While Rami Malek is decent as new villain Safin, very little is done with him

This swing does falter at a few points, however. The plot – something to do with contagious nanobots that instantly kill people but sometimes do not – makes little sense, and while Rami Malek is decent as new villain Safin, very little is done with him. We hardly understand what his motivations are before Bond and co are gunning down his henchmen to foil a confusing plot about world domination, or… ethnic cleansing? Or something? The confused villainy here continues with Christoph Waltz’s reappearance as Blofeld – necessary as Bond’s arch-nemesis, but also a little pointless – and David Dencik’s bizarre turn as mad scientist Obruchev. Presumably a homage to Alan Cumming’s iconic character of Boris Grishenko from GoldenEye, Dencik just feels completely out of place here, and is forgotten about whenever he’s not demanding the audience to listen to him.

The tense atmosphere of Bond hiding in long ferns in a fog-laden forest […] is a particular standout

But these problems are quickly forgotten when one of the best long-take action scenes I have ever seen forces itself into the film. With bullets flying and Bond ducking behind metal doors to avoid grenade explosions, any issues I had with bits of the narrative are gone from my mind. Fukunaga’s experience on the mind-bending, atmospheric Netflix series Maniac is peppered throughout the action scenes of No Time To Die. For example, in the decision for the action to take place in the day, or neon-lit night, and be shot without cutting a million times to make up for a lack of choreography. The tense atmosphere of Bond hiding in long ferns in a fog-laden forest, as jeeps driven by baddies encircle him, is a particular standout.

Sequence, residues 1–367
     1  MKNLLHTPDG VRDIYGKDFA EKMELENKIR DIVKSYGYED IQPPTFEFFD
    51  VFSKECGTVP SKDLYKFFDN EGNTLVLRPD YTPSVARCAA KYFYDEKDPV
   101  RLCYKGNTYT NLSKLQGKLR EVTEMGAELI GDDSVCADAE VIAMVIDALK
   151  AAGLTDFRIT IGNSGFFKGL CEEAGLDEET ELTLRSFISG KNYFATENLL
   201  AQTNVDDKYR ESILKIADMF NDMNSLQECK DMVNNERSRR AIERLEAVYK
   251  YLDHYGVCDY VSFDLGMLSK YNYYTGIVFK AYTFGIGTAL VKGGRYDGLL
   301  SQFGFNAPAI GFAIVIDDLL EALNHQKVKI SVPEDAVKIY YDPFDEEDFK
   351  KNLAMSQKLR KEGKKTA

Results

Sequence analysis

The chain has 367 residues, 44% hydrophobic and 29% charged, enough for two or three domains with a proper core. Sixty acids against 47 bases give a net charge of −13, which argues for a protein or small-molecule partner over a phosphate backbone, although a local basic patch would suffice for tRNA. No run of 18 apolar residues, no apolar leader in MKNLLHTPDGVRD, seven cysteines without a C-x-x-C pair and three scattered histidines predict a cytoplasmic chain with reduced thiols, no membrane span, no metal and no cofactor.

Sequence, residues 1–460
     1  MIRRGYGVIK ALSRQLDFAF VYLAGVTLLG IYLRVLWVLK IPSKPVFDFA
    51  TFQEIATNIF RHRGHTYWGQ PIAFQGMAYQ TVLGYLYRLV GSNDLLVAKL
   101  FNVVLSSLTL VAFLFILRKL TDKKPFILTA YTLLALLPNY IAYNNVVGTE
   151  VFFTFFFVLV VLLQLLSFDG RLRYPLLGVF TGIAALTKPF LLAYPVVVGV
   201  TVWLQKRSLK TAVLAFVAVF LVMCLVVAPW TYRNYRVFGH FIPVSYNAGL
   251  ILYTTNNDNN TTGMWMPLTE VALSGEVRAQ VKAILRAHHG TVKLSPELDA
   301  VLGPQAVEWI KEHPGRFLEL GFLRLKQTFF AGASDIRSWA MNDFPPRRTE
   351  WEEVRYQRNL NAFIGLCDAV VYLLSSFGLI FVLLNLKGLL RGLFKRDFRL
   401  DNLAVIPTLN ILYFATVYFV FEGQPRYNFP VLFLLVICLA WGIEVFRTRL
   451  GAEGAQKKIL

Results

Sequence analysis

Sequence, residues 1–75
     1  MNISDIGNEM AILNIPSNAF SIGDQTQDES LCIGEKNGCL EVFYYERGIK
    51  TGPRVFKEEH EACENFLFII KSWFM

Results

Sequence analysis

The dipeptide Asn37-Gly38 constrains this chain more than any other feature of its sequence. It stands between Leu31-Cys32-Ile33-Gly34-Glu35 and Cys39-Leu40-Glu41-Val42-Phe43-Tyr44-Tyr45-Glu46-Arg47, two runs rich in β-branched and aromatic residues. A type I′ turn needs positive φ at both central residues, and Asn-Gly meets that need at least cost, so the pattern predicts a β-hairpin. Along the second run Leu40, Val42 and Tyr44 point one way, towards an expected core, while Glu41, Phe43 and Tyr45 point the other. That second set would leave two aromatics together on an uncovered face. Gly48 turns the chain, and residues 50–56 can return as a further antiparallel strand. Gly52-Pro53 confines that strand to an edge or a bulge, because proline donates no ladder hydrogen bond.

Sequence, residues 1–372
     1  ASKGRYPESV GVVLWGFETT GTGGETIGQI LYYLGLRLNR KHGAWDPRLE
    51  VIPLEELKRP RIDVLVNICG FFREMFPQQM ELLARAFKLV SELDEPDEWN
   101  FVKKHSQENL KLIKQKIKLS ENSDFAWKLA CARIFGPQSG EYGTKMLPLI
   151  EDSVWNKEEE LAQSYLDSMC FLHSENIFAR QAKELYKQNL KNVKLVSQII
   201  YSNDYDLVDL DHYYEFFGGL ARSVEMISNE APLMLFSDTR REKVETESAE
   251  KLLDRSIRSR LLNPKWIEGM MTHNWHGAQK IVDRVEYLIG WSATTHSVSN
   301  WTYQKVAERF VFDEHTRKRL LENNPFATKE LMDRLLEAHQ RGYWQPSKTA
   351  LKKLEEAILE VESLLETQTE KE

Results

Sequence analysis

Ultimately, No Time To Die is a peculiar beast. Half the time it is bringing together plot-threads from four other films to lead us towards some form of conclusion; the other half it is discarding these same details to deliver us exciting, atmospheric action by the bucketload. But, against all odds – after several delays and far-too-much anticipation – it somehow sticks this difficult landing. It gives an often-inconsistent but always-charming era of Bond movies to an end with style, and just enough substance.

*At least I think it was Cuba – this film for some reason has no location titles. There’s nowhere else in this review for this complaint to go, but I’m knocking a point off just for this bewildering decision.


Daniel Craig’s films are brought to a satisfying conclusion with No Time To Die. The villain and narrative may leave you scratching your head for a moment, before the fantastic action and overall charm command you to just enjoy the ride.

8 / 10

No Time To Die is out now in cinemas